Yes, the KKK could well have written what I wrote, if they had the same cause to defend–themselves, their families and homes that I have–from the brutal blacks we know here.
    So what? Any man would do the same, if he is a real man, that is.

  22. 22
    michael reynolds Said:
    1:27 pm 

    Manning:

    What a lovely job you’ve done of proving my point. You’re a racist. Period, end of story, clearly demonstrated.

    As for your notion that I’ve never had any unpleasant experiences with African-Americans. Age 11, I was molested by a black guy. Many years later my wife was pistol-whipped by a black man in the course of an attempted rape.

    I was also held up at gunpoint by a white guy. (My those nine mills do look big when they’re pointed at you.)

    Had an apartment I was managing trashed (smeared with feces) by a white guy and subsequently fought him in the street.

    Stepped between a white guy and his white wife as he was beating her in the street.

    Ditto a second time with a different white guy and had a lovely stand-off with many loud threats.

    Had my family threatened by the KKK many years ago in Florida.

    Was threatened by a drunken, gun-wielding white biker in a bar.

    Was attacked in my room by a drunken white guy roaring that he wanted to kill me. (Attack suspended when he rammed his arm through a reinforced glass door. Much blood and excitement.)

    Chased through the streets of Crocket California by a white biker who’d just ripped me off. (Very Hollywood chase scene.)

    I don’t recall ever having a problem with an Asian, but I assume I will someday.

    But I don’t conclude from that that blacks are inferior, aggressive or evil, since I’ve had at least as much trouble with white folks. In terms of being scared sh*tless I’d have to give the edge to white folks.

  23. 23
    mannning Said:
    7:04 pm 

    It is a shame that you, MR, do not read very well, and do not take what you read into your brain. You must have had a very poor upbringing. You want desperately to label me as a racist, and against all blacks, but it won’t wash. But if your pea brain wants to call me that, be my guest, I have been called worse in my time.

    I am a thousand percent against just those blacks, or any other color/race, that do evil in this world, most especially to me and mine. The rest of the law-abiding members of any race, any color, are fine with me. So get off it, dummy.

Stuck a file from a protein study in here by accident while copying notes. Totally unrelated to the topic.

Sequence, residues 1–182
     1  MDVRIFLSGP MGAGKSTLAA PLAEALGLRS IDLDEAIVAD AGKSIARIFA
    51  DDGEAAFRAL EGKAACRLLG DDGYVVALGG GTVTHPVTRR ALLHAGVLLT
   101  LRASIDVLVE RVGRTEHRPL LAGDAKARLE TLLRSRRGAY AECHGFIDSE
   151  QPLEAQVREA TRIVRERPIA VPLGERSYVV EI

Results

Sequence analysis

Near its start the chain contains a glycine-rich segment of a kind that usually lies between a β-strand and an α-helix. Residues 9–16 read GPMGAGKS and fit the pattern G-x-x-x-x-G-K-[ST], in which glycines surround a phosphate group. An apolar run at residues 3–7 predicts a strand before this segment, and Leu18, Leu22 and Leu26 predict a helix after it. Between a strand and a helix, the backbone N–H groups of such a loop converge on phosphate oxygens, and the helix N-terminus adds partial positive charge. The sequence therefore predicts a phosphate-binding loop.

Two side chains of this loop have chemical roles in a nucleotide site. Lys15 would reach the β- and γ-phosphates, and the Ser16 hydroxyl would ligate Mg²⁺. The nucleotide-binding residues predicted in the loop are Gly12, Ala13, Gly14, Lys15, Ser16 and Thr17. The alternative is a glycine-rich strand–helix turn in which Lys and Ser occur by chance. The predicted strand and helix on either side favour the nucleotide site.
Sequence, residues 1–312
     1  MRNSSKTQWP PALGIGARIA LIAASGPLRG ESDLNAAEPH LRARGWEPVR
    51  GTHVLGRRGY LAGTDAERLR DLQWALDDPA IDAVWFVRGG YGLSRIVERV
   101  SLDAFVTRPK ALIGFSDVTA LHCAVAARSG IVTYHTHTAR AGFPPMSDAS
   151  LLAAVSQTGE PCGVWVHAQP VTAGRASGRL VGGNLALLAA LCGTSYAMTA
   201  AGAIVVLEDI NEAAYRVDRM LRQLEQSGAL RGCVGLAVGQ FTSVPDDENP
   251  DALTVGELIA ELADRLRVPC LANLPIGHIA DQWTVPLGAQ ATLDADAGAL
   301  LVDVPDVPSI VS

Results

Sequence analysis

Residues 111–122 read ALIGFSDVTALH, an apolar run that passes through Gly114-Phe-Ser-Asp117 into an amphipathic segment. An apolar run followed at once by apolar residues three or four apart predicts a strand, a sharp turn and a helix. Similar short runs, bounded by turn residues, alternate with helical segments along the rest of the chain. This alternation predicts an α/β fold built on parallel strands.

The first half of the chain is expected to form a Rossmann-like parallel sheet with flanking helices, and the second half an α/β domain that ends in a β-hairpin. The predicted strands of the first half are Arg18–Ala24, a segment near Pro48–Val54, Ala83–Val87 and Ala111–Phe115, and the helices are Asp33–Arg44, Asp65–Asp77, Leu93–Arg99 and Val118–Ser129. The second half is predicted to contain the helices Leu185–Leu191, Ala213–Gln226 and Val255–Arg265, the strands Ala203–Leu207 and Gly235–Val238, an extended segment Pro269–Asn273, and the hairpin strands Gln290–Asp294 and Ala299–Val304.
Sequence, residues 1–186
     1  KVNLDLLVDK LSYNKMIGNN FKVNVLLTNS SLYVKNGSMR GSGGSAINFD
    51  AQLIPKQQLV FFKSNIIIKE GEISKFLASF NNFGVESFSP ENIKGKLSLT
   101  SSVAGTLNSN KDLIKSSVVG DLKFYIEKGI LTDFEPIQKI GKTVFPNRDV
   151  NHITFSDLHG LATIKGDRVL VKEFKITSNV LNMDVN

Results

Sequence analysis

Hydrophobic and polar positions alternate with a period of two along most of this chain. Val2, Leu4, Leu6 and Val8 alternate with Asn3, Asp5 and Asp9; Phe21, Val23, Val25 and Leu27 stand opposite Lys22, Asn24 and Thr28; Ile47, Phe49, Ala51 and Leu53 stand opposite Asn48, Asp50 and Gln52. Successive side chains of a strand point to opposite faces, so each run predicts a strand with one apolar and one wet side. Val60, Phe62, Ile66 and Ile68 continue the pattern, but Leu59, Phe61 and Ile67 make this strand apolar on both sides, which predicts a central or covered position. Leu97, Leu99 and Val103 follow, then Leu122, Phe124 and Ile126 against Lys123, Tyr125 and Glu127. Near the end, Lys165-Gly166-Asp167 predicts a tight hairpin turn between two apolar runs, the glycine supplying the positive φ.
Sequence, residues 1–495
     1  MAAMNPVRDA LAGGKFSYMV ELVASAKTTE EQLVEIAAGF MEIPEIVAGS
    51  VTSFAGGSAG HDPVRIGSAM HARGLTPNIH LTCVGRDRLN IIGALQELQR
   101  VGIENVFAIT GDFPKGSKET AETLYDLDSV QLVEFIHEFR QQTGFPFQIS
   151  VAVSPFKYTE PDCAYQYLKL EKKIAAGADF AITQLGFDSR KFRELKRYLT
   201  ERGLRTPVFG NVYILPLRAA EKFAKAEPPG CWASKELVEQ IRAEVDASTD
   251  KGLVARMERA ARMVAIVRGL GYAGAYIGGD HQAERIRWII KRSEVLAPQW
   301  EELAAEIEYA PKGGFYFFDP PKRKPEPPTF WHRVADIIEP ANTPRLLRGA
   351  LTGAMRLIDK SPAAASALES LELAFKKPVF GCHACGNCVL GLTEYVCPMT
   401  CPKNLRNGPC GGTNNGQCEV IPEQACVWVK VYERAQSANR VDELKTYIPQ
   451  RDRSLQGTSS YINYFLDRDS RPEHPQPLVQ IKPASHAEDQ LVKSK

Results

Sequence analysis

Nowhere did I say anything about inferiority, most particularly not against an entire race, not for the evil of a few. There you go again reading into my words what isn’t there. Such as you are also evil if not downright dangerous.

    The pattern of your encounters with other men is rather suggestive of a recurring problem of yours. What is it?

  24. 24
    michael reynolds Said:
    9:34 pm 

    Manning:

    You’re not just a racist. You’re the dictionary illustration of “racist.” Why deny what is patently obvious to any objective observer? Why not own it?

  25. 25
    busboy33 Said:
    12:09 am 

    @manning:

    How can you say –
    “it isn’t a simple color issue at all. It is an issue born of a virulent black culture that hates America, and wishes to wreck its revenge on the white majority–think Reverend White–and Obama is its titular leader.”
    – and then say that you are only opposed to the criminals that happen to be black? Your first statement identifies a “virulent black culture” “with Obama as its titular head”. What “culture” are you talking about? The culture of mugging and raping? The ‘Anti-Klan’, dedicated to the destruction of white society? “Culture” is a society-wide trait. This isn’t a critique of individuals, despite what you say. It is an attack on a people.
    Reinforcing that is naming Obama as “its titular head”. What connects Obama to the guy that mugged your mom? What connects him . . . aside from his skin color? Do they attend the same secret ‘let’s destroy the white people’ meetings? Any reports of Obama reading “The Anti-Protocols of the Elders of Zion”? No.

    You seem to be looking at Black Americans as ALL members of the secret society . . . and then place the burden on individuals to convince you that they are somehow free of its evil clutches.

    I’m sorry to say, that’s pretty damn racist. Maybe not intentional, maybe not “god I hate me some big-lipped ni**ers” . . . but racist nonetheless.

    It pains me to type everything I’ve just said. I do respect you and your opinions. But I because I respect you, I have to be honest with you and tell you what I see in what you write.

  26. 26
    mannning Said:
    12:13 pm 

    busboy, MR: Listen up, and listen up good.